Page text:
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Change I’d Rather Not Believe In

By Lavender March 21, 2011

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In late February, Attorney General Eric Holder announced that following two years to the contrary, the Obama Administration no longer would defend the federal Defense of Marriage Act (DOMA) in court.

During his surprise announcement, Holder said that, following an examination of pending legal challenges, both he and President Barack Obama no longer believe the law is constitutional.

On February 23, Holder elaborated: “After careful consideration, including a review of my recommendation, the President has concluded that given a number of factors, including a documented history of discrimination, classifications based on sexual orientation should be subject to a more heightened standard of scrutiny. The President has also concluded that Section 3 of DOMA, as applied to legally married same-sex couples, fails to meet that standard and is therefore unconstitutional.”

DOMA was signed into law 15 years ago by President Bill Clinton, preventing the federal government from recognizing same-sex unions in any way. Not only that, the law actually penalizes couples who wed in states and countries where same-sex marriage is legal and/or recognized.

One of the very cases that led to the White House’s change of opinion, in fact, involves a lesbian widow who was forced to pay more than $360,000 in taxes after her wife died, which any heterosexual married couple would not be required to do.

All told, DOMA, according to a 1997 General Accounting Office report, prevents legally-married couples from receiving 1,049 federal benefits, rights, and privileges.

Following the surprise announcement, as one might expect, the Internet and social networks erupted with heaps of both praise and scorn alike.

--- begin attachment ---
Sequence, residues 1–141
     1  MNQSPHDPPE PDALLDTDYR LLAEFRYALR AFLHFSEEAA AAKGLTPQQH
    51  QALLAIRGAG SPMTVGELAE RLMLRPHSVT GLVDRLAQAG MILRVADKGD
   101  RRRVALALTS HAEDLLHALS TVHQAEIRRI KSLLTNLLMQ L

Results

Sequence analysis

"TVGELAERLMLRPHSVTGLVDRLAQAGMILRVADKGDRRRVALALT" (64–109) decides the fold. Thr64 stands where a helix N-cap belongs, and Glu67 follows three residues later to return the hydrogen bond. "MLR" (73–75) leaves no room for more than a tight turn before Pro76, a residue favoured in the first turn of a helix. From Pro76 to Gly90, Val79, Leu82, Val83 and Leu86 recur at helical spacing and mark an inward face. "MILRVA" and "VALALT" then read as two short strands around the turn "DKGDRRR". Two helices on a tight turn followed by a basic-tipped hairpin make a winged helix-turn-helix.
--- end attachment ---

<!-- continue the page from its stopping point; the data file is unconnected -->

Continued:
Many in the gay and lesbian community unsurprisingly praised the President’s decision.

Human Rights Campaign (HRC) President Joe Solmonese noted, “This is a monumental decision for the thousands of same-sex couples and their families who want nothing more than the same rights and dignity afforded to other married couples.”

The ever-audible antigay Maggie Gallagher of the National Organization for Marriage (NOM) called the President’s decision an “end run around our normal constitutional processes.”

While I’m certainly beyond a little elated to learn that the Obama Administration finally has decided to stop defending in court the federal DOMA—an act the President has stated he opposed even prior to his election—I’m afraid this is quite possibly just one more example of a politician using the gay and lesbian community as a political football.

I find it extremely hard to believe the very same administration that has played politics with more than one issue of fundamental equality for the GLBT community suddenly has found gay Jesus, and reversed its course.

You have to ask yourself: Why would an administration that, up until a couple months ago, actively defended legislation it claimed it opposed suddenly change its mind?

This administration, mind you, still actively is fighting an appeal of Don’t Ask, Don’t Tell. This administration is led by a President who, according to his own press secretary, still is “grappling” with his personal views on the subject of same-sex marriage.

Sadly, Holder’s announcement comes across like one more awkward step in the administration’s continuing kabuki dance with the GLBT community

Michael Steele, spokesman for Republican House Speaker John Boehner, questioned why Obama “thinks now is the appropriate time to stir up a controversial issue that sharply divides the nation,” when “most Americans want Washington to focus on creating jobs and cutting spending.”

First of all, Steele and Boehner need look no further for an answer than the various Republican-controlled state legislatures throughout the country that have opted to pursue constitutional same-sex marriage bans instead of “creating jobs.”

Still, I can’t help but wonder if setting up same-sex marriage to be a wedge issue in 2012 is any more desirable than it was in 2004.

Ultimately, I’d like to believe Obama believes gay and lesbian people are equal—that they should be allowed to marry, and enjoy the same rights, benefits, and privileges extended to every other American.

But that belief isn’t enough. Obama’s actions since taking office show that he’s willing to compromise his beliefs for political gain. Playing politics with people’s rights isn’t new, but it’s not what many expected from the “change” President.

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